When a Minnesota couple gets a divorce, one person may be required to pay alimony to the other. In most cases, the alimony is tax-deductible for the person who pays, and the person who gets the alimony must pay taxes on it. However, the alimony will not be considered tax-deductible if it is not part of a divorce agreement.
This was a decision made by the U.S. Tax Court after a husband and wife who were getting a divorce signed an agreement that involved the husband paying a portion of this bonus to his wife. Later, there was a spousal support order dealing with the alimony that the husband would pay each month plus a portion of his income if he earned above a certain amount. The support order did not include anything about the bonus, and as a result, the court said that the bonus could not be deducted.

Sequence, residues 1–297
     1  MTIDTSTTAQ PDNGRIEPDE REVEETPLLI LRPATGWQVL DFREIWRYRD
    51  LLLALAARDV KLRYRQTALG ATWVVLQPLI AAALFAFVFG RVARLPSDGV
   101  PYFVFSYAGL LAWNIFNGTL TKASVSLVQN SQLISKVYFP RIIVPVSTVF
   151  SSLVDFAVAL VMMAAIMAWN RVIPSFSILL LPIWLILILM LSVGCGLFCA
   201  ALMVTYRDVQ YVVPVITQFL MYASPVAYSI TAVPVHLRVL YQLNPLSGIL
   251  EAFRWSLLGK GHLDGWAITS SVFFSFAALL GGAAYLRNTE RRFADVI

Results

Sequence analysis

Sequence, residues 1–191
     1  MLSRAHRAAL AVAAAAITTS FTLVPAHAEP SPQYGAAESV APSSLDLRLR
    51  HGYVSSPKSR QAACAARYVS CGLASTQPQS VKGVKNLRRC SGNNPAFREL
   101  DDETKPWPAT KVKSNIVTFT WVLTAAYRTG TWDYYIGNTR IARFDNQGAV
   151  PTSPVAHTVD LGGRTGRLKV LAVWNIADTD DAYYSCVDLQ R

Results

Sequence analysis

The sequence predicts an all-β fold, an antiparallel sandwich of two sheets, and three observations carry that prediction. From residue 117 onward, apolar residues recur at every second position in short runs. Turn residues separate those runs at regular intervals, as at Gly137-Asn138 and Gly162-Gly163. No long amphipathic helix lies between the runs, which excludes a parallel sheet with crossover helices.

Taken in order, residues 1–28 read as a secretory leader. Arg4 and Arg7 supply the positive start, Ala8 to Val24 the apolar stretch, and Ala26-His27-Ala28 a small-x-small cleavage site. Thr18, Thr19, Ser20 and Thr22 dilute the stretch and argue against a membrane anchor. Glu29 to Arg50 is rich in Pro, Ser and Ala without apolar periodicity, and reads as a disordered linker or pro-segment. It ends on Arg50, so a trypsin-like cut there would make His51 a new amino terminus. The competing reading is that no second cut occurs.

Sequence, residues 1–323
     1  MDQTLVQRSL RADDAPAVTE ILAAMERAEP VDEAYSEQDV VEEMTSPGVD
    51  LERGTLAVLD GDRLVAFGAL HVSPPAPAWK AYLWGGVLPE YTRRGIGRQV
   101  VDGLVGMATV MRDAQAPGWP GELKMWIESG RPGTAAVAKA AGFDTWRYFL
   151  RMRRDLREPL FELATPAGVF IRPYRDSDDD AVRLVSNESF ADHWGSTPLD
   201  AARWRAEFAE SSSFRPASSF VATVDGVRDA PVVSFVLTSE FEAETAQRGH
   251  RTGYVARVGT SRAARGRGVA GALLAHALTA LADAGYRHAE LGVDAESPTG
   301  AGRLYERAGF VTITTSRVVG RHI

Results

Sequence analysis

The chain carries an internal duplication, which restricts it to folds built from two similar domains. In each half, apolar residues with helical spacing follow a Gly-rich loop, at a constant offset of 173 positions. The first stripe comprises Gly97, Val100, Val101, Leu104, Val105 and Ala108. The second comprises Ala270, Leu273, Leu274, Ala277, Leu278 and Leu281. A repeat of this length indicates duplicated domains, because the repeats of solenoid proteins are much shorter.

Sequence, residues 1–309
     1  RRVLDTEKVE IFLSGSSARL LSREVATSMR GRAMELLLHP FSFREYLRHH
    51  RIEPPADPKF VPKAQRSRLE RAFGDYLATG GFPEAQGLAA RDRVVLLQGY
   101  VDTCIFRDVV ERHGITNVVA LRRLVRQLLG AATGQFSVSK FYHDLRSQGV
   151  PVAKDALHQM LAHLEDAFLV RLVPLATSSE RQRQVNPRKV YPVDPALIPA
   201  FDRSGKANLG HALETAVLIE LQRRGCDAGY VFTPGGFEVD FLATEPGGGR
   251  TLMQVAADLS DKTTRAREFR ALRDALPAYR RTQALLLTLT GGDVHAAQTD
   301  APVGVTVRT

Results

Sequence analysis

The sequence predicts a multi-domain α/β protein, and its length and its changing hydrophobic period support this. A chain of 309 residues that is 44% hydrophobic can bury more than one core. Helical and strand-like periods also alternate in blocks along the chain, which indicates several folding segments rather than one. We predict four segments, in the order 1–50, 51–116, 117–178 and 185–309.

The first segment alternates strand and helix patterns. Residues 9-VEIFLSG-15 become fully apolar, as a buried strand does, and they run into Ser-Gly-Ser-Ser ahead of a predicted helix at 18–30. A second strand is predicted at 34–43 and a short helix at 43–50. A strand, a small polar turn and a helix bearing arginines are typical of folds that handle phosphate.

There are a few other conditions for making alimony tax-deductible. It must end on the death on the recipient and the agreement must not specify that it is not tax-deductible or taxable. Furthermore, the two people must be living in different households.
If a couple divorces, there may be spousal support if one has earned significantly more than the other. This and other aspects of divorce may be negotiated by the couple outside of court with the help of their respective attorneys, or a judge may listen to both sides and make a decision. The couple may prefer a decision they reach themselves, but in some cases, one spouse is uncooperative and litigation is necessary. Couples should be aware that there are other aspects of a divorce that may have tax implications as well.